How much does a Tesla really pollute (explained by Tesla)

There are many studies that try to quantify theenvironmental impact of an electric car during its entire life cycle. They often do this by comparing the data with that of a traditionally fueled car.

Universal unit of measure

To measure the real level of sustainability of its cars, Tesla relies on equivalent CO2 emissions per mile (with one mile being equal to 1,609 km). To calculate them, not only the entire life cycle of cars is taken into account, but also the emissions of the supply chain and those deriving from the production and consumption of electricity during use. These are also defined according to the mix of renewables available in various regions: Europe, China and the USA.

The study also considers another variable. Calculate the emissions per mile if you recharge the Model 3/Y at home mainly using a photovoltaic system and a storage system or by connecting to the grid. In the first case, the emissions in the production phase are slightly increased due to the need for Solar Roofs and Powerwalls, but those relating to the use phase are zeroed, with final benefits.

A little numbers

In this case, the situation improves, dropping to 113 g of CO2 equivalent per mile (70,2 gCO2e/km) if you recharge in areas, such as New York, where the mix of renewables that feeds the public network is greater. In the USA, in any case, a thermal car of the same category as the Model 3/Y reaches 467 g of CO2 equivalent per mile (290,2 gCO2e/km).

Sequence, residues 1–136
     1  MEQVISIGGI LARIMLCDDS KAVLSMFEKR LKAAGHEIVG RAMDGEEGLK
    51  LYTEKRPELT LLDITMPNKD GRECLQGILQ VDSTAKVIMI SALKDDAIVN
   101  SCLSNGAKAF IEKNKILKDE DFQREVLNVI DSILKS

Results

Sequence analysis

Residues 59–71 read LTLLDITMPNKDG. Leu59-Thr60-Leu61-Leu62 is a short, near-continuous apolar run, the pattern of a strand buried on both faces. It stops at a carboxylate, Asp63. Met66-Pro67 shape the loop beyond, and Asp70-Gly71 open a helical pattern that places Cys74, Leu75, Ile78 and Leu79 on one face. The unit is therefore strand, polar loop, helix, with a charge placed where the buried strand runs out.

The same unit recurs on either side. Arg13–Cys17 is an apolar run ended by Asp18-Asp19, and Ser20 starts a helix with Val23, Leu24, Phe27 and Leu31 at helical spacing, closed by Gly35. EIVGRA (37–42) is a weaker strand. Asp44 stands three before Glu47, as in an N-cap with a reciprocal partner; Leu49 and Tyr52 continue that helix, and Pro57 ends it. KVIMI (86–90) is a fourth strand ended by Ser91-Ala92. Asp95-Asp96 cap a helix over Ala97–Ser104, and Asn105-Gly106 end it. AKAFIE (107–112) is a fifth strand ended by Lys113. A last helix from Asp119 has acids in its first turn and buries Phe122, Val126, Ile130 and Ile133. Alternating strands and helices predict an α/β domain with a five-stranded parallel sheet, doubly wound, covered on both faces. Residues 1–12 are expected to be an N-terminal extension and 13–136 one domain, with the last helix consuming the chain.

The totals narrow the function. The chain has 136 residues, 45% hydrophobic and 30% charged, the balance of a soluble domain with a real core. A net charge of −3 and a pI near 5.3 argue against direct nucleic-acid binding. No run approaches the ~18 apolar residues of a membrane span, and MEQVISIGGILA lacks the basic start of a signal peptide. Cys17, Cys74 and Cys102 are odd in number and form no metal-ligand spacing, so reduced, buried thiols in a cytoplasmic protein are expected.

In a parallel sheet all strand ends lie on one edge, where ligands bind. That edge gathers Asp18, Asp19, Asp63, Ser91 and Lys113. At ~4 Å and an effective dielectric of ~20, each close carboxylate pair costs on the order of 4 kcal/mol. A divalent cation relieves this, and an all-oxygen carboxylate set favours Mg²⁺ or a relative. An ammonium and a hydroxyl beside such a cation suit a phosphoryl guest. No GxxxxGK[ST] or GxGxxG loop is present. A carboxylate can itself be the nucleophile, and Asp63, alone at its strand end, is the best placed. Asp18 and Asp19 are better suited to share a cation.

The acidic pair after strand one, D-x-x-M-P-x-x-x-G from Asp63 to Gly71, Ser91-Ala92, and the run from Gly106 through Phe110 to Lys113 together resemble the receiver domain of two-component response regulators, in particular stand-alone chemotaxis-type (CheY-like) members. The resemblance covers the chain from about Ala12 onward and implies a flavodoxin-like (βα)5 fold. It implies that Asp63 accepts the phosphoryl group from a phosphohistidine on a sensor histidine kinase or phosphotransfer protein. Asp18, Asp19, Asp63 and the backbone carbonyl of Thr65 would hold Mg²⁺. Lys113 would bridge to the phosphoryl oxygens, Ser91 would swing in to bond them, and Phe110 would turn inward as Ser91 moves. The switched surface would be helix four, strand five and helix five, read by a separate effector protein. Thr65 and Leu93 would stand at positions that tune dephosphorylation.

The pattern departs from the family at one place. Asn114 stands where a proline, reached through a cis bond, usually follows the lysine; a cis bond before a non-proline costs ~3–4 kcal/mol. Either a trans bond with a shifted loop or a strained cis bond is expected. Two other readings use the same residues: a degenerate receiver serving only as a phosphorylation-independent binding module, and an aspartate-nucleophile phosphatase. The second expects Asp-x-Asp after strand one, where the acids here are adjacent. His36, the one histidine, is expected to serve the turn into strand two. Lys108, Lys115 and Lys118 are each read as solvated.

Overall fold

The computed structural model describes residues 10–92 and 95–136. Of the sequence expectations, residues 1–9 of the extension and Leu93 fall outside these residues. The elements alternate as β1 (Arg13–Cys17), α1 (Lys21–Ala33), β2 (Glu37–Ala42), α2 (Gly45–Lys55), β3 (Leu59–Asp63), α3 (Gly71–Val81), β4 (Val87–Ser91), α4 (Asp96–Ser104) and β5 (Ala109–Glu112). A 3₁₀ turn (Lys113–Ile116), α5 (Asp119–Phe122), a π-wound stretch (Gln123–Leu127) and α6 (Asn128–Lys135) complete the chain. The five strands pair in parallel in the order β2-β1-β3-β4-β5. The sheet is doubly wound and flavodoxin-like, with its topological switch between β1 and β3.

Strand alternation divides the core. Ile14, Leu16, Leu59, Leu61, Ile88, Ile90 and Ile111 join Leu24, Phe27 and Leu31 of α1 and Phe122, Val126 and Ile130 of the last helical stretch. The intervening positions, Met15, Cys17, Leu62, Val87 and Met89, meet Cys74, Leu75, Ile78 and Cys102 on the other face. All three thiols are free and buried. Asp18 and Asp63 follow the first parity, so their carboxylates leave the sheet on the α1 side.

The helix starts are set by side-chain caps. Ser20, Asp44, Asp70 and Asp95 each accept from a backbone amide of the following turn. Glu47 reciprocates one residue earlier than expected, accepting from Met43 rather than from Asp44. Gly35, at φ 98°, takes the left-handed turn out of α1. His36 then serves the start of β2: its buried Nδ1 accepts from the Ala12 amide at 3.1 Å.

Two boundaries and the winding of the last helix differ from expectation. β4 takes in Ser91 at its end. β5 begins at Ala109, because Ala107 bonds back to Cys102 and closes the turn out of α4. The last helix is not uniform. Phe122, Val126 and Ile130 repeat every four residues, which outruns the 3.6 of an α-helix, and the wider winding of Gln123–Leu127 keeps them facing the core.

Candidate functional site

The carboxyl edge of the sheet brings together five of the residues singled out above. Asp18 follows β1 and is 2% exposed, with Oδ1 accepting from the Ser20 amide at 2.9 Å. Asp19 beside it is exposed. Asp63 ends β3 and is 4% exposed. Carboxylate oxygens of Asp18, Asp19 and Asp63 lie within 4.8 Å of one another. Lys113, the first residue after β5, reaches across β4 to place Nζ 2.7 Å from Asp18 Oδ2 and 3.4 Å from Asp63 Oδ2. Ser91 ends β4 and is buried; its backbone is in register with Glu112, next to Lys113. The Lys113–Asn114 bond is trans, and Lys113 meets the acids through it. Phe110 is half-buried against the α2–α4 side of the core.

In Europe and China the situation is slightly worse, but even a car with an internal combustion engine records higher values. In both cases it reaches a value of 487 g of CO2 equivalent per mile (302,7 gCO2e/km). In Europe, if you recharge at home with a photovoltaic system, a Tesla Model 3/Y reaches 148 gCO2e/mile (92 gCO2e/km), while if recharged from the grid it reaches 187 gCO2e/mi (116,2 gCO2e/km), dropping to 159 gCO2e/mi (98,8 gCO2e/km) if it is located in a more virtuous country than average of the European Community, such as Austria for example.

In China, on the other hand, if you recharge at home with a photovoltaic system, you get to 170 gCO2e/mi (105,7 gCO2e/km), while if recharged connected to the grid it reaches 290 gCO2e/mi (180,2 gCO2e/km), dropping to 161 gCO2e/mi (100,1 gCO2e/km) if it is located in a area where renewables are more present.

The scissor is bound to open

As demonstrated by the numbers pitted in the Impact Report (confirmed by the assessments of an independent body such as the Green NCAP) electric cars have less impact on the environment than traditionally powered cars.

Tesla, however, emphasizes another factor. Renewables are growing and are conquering ever greater percentages in the energy production. This means that electric cars, in the years to come, will reduce their environmental impact, while thermal cars will keep it constant. Thus the gap will become ever wider.

And progress in the field of batteries is not taken into account, which will be greater than those on traditional powertrains.